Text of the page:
You can ask them any questions and they will keep you up-to-date about what is happening with your case, including details of court hearings and whether the suspect has been released on bail or is being held in custody.
You may be asked to be a witness in court to speak about what has happened. We want you to be able to give your best evidence and it’s natural to feel worried or nervous.
If you have been called to court, the Witness Service, run by the Citizens Advice Bureau, can help you. They can provide or arrange a pre-trial visit to the court, explain what to expect and support you at any court appearance.
At court you can ask if you are able to wait in an area away from the suspect, their friends and family.
If you do not understand or speak English you can ask for an interpretation into a language you understand to help you give evidence during criminal proceedings.
Vulnerable or intimidated victims and witnesses can be considered for special measures at court which may include:
- A screen around the witness box so that you do not see the suspect or their family when answering questions.
- The opportunity to give evidence by live video link so that you do not have to be in the same room where the trial is taking place.
- The judge and lawyers being asked to remove their wigs and gowns to make you more comfortable.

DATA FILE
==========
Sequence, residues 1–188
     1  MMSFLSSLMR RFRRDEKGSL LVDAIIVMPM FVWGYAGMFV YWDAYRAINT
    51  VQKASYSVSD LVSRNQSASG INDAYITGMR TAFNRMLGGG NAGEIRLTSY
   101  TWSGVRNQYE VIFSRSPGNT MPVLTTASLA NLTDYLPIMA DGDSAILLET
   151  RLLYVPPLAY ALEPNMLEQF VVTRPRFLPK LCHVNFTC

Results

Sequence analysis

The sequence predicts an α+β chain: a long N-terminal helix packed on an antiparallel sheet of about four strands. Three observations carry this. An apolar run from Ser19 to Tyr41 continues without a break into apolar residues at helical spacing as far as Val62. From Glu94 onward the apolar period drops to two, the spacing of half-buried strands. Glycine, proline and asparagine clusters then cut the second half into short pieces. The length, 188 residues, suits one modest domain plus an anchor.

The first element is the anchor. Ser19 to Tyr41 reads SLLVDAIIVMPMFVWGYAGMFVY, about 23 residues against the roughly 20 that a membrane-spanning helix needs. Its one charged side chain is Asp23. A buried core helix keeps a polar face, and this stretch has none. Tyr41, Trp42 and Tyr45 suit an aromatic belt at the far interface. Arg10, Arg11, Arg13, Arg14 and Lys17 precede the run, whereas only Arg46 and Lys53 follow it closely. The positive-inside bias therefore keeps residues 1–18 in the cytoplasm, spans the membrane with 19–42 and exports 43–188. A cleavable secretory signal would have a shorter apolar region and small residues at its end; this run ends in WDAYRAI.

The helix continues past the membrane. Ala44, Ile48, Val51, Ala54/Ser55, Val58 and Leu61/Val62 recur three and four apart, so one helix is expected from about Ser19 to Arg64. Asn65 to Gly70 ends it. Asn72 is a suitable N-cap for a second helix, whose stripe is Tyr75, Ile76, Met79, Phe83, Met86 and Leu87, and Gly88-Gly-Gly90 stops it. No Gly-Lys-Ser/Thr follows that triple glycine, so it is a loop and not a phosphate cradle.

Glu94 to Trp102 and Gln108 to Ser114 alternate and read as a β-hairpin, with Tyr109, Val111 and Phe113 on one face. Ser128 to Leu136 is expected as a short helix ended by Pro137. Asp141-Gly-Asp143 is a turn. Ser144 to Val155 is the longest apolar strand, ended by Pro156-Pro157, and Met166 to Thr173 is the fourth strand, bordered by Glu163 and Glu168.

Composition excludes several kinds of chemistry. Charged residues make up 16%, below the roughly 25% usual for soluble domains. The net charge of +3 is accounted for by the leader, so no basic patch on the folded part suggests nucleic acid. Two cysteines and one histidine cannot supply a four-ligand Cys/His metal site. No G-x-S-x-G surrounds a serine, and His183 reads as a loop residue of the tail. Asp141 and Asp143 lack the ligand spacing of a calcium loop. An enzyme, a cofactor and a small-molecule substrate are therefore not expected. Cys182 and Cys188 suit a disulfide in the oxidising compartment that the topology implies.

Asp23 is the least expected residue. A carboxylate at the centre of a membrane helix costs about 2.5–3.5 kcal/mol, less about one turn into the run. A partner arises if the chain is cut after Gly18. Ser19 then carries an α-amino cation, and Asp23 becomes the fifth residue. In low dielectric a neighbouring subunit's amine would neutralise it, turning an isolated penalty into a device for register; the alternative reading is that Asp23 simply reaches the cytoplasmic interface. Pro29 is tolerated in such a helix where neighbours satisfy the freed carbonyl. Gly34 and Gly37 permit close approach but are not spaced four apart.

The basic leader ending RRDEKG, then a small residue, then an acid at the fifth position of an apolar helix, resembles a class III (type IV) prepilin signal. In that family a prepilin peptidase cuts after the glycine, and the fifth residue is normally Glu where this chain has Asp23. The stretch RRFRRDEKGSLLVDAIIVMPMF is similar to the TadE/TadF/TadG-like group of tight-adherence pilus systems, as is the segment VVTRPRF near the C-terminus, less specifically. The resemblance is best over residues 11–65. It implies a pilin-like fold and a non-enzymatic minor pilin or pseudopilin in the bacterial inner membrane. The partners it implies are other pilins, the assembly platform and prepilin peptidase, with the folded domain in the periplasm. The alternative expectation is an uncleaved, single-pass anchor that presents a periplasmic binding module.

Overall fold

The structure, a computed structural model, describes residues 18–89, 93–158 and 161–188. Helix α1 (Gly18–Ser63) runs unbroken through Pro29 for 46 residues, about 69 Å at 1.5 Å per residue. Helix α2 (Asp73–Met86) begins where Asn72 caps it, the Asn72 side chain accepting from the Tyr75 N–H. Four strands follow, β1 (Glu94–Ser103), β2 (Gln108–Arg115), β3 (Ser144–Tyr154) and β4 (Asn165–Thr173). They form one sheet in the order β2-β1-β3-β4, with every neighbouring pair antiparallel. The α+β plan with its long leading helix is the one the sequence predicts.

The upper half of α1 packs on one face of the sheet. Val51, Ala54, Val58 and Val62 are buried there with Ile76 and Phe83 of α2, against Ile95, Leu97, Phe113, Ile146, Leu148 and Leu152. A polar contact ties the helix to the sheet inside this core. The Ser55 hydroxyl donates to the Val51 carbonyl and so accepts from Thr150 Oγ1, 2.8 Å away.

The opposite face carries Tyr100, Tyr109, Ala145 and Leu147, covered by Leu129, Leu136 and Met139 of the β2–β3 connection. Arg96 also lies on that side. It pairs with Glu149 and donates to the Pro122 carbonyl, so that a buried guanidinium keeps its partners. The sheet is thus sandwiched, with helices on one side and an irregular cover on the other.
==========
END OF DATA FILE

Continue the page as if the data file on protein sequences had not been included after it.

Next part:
- Support from an intermediary to help you understand and answer the questions being asked.
The court will make the final decision about whether you are eligible for special measures during the trial and your witness care officer will discuss this with you.
Protection against intimidation
It is a criminal offence to intimidate anyone helping the police in an investigation. Contact the police immediately if you are harassed or threatened during an investigation or trial.
Victims and witnesses are also protected against witness intimidation for up to a year after the conclusion of a trial. If the offender is remanded in custody, released on bail or convicted the court can issue a restraining order.
What happens after the court case?
The Witness Care Unit will notify you of the result of any court case. If the suspect is found guilty you will be told what the sentence means.
When someone is sent to prison they pass into the care of the Prison Service.
Sometimes the suspect will appeal against the sentence or the conviction. This is when they ask for the judge’s decision to be changed or for the sentence to be reduced. If the offender is allowed to appeal you will be told where and when the appeal hearing will take place.